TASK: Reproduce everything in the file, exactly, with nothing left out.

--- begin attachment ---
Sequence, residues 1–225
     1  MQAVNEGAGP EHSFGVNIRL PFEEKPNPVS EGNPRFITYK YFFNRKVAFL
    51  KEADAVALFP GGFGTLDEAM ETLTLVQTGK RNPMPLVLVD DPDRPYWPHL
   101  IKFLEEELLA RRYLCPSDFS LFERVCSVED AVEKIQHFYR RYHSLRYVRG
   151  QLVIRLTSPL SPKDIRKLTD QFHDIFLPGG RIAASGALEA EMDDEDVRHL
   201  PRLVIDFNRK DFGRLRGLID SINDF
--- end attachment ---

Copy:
Sequence, residues 1–225
     1  MQAVNEGAGP EHSFGVNIRL PFEEKPNPVS EGNPRFITYK YFFNRKVAFL
    51  KEADAVALFP GGFGTLDEAM ETLTLVQTGK RNPMPLVLVD DPDRPYWPHL
   101  IKFLEEELLA RRYLCPSDFS LFERVCSVED AVEKIQHFYR RYHSLRYVRG
   151  QLVIRLTSPL SPKDIRKLTD QFHDIFLPGG RIAASGALEA EMDDEDVRHL
   201  PRLVIDFNRK DFGRLRGLID SINDF